In April 2020, U.S. Immigration and Customs Enforcement’s Homeland Security Investigations (HSI) launched Operation Stolen Promise (OSP) to protect the American people and businesses from the increasing and evolving threat posed by COVID-19-related fraud and other criminal activity. Leveraging a decade of experience battling dangerous and sub-standard counterfeit goods through the HSI-led National Intellectual Property Rights Coordination Center (IPR Center), OSP combines HSI’s expertise in global trade, financial fraud, international operations, cyber-crime, and criminal analysis to investigate complex financial-fraud schemes.

Across the country and around the world, HSI special agents, analysts and investigators prevent illicit pharmaceuticals and medical supplies from being imported, identify and remove websites that defraud consumers, and stop other criminal activities associated with the virus. In short, OSP targets any activity that compromises legitimate trade or financial systems or endangers public health.

As part of OSP, HSI special agents have opened investigations across the country, seized millions of dollars in illicit proceeds; made multiple arrests; and shutdown thousands of fraudulent websites. HSI continues to work alongside U.S. Customs and Border Protection, seizing shipments of mislabeled, fraudulent, unauthorized or prohibited COVID-19 test kits, treatment kits, homeopathic remedies, and purported anti-viral products and personal protective equipment.

The operation is supported by four pillars: partnership, investigation, disruption and education. Industry experts from Pfizer, 3M, Citi, Alibaba, Amazon and Merck joined forces with the IPR Center’s criminal investigators in an unprecedented public-private partnership to combat fraud and other illegal activity surrounding COVID-19. In addition, Phillip Morris International, working in conjunction with numerous partners, led another coordinated effort to bring even greater awareness to this issue.

Scammers are attempting to profit from the pandemic through fraudulent fundraising for fake charities and online sales of counterfeit medicines and medical supplies. In the cyber realm, HSI is deploying robust capabilities and expertise to target suspicious activity and working closely with online platforms and domain name registrars to ensure it is reported and removed. This includes both open and dark web sites that enable the sale and distribution of illicit materials related to COVID-19, facilitate financial crime, and victimize consumers.

One of OSP’s main goals is educating the public on the various types of fraudulent activity targeting innocent victims, how to identify this type of crime and report it to authorities for further potential action. HSI is using its Strategic Targeted Outreach Program (S.T.O.P.) to equip the public with the tools to do just that, and to help HSI and its law enforcement partners combat COVID-19 fraud. The S.T.O.P. COVID-19 fraud campaign provides red flag indicators and asks people to report suspected fraud to COVID19FRAUD@DHS.GOV.

Suspicious signs for the public to watch for include websites or individuals selling products alleging they can prevent, treat, diagnose or cure COVID-19. While there are currently no COVID-19 test kits authorized for home use that produce in home results, the FDA has authorized several patient at-home sample collection kits that allow an individual to collect the sample in their home and then send the sample to a lab or medical facility for the actual test to be conducted.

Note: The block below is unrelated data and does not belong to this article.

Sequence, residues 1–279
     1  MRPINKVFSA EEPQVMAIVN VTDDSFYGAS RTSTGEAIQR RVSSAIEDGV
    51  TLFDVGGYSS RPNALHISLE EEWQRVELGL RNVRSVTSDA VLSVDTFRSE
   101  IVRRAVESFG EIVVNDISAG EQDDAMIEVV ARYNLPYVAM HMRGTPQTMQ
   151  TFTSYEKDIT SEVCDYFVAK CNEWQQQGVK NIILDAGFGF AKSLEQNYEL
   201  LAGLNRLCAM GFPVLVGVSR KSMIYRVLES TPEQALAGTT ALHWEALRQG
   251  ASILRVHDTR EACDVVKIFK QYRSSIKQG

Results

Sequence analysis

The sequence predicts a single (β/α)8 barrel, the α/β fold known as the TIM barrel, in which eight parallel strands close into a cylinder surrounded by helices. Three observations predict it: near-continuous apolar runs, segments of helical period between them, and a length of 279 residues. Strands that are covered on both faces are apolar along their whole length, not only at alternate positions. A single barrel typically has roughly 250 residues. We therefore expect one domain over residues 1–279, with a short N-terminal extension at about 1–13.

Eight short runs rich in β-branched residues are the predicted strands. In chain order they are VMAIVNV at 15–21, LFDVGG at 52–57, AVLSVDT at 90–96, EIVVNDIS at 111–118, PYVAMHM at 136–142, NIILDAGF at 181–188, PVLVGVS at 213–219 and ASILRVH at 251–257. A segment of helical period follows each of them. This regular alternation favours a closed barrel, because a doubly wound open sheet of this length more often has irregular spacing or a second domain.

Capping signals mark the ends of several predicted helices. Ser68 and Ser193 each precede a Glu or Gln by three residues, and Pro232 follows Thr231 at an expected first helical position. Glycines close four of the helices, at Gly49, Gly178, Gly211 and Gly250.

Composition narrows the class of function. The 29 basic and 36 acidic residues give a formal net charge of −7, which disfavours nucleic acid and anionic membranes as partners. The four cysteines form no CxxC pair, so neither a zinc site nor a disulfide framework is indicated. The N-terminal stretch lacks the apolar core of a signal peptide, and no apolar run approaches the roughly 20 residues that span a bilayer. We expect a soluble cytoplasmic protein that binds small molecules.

Fraudulent COVID-19 treatments, some claiming to include the drug Remdesivir from Gilead Sciences, Inc., have also been found for sale online. As far as treating COVID-19, consumers should be aware that Remdesivir is only available at a hospital.

OSP educates the public to be wary of pharmaceutical product information written in a foreign language as well as products whose labels include misspellings – often a hallmark of counterfeit items. Consumers are also warned against buying prescription pharmaceuticals from third party marketplaces or social media platforms. Though it may be tempting and reassuring to believe otherwise, if local health care systems cannot get a product through legitimate channels, it will not be found online. Shopping outside the legitimate, approved medical community also means there are no safety or sanitations controls and no guarantee that what is purchased online is safe or effective.

One of the operation’s early successes came in May when a licensed New York City pharmacist was charged with violating the Defense Production Act by hoarding and price gouging scarce N95 masks; making false statements to law enforcement; committing healthcare fraud; and committing aggravated identity theft. When he was arrested, New York was the epicenter of the global pandemic and the man was charging upwards of $25 for a mask that should have cost an end user approximately $1.27, according to the manufacturer (ICE 2020).

Through mid-July the success of OSP is clear and the public benefit substantial. Since launching the campaign, HSI special agents have made 49 criminal arrests and seized nearly $7M in illicit funds. More than 1,100 investigative leads have been shared with foreign and domestic partners and HSI has made 871 COVID-19 related seizures, including prohibited COVID-19 test kits, prohibited pharmaceuticals and counterfeit masks, among other items.

In the midst of a relentless global pandemic, when there is less and less about our lives that is certain, the American people are counting on law enforcement to protect the vulnerable and ensure that every city and town is safe from individuals and organizations intent on inflicting even greater suffering. For more information about OSP, visit the ICE website at www.ice.gov/topics/operation-stolen-promise.